Marijuana protections bill gets support of Doug Collins, key House panel’s ranking Republican

April 9, 2019

Rep. Doug Collins of Georgia, the ranking Republican on the House Judiciary Committee, put his support Monday behind a bipartisan marijuana proposal that would establish protections for states that vote to defy federal prohibition.

Mr. Collins and Rep. Suzanne Bonamici, Oregon Democrat, both signed on as co-sponsors to the Strengthening the Tenth Amendment Through Entrusting States Act of 2019, or STATES Act, bringing the bill’s total number of backers in the House to 28.

Introduced last week in both the House and Senate, passage of the bill would amend the U.S. Controlled Substances Act to provide exemptions for “any person acting in compliance with State law relating to the manufacture, production, possession, distribution, dispensation, administration or delivery” or marijuana, which has been legalized in most states for medicinal or recreational purpose despite being federally prohibited because of its status under the CSA as a Schedule 1 narcotic.

The ranking minority member of the House Judiciary Committee, Mr. Collins officially backed the bill Monday on the heels of co-signing a letter sent last week to the panel’s Democratic chairman, Rep. Jerrold Nadler of New York, asking that he “promptly hold a legislative hearing” to discuss solutions to resolve conflicting federal and state marijuana laws.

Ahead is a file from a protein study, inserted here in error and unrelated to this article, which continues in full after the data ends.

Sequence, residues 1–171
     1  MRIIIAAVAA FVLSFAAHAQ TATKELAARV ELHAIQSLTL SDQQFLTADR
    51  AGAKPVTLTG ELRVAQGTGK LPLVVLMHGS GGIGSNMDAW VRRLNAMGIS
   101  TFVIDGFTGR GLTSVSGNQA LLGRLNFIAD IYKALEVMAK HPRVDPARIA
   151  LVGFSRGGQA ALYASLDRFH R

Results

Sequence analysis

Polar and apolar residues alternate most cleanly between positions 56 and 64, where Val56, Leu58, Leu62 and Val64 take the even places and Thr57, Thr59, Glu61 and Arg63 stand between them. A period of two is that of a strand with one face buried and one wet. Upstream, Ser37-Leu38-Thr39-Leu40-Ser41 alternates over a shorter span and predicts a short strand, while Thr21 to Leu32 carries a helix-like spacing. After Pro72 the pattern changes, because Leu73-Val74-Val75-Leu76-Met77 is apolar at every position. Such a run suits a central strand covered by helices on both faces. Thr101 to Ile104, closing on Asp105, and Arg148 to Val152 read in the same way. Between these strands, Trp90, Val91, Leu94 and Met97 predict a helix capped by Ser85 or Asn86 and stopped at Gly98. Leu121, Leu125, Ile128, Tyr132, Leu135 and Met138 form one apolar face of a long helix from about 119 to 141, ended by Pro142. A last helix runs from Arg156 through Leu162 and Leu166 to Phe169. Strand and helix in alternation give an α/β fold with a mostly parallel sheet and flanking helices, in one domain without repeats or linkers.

“We believe this Committee and this Congress must act to clarify the rights and responsibilities, relative to cannabis, of individuals, physicians, businesses, medical patients, and law enforcement officials,” Mr. Collins wrote in a letter Wednesday co-signed by Rep. Matt Gaetz, Florida Republican.

Mr. Nadler is not currently among the bill’s sponsors. His office did not immediately return a message seeking comment.

Thirty-three states have legalized the medicinal use of marijuana to varying degrees in the face of federal prohibition. Ten states have legalized the plant for recreational purposes, including seven that allow it to be purchased from retail shops.

Congress will consider federal marijuana reform “fairly soon,” Mr. Nadler said in late January.

The STATES Act is currently co-sponsored in the Senate by five Republicans and five Democrats.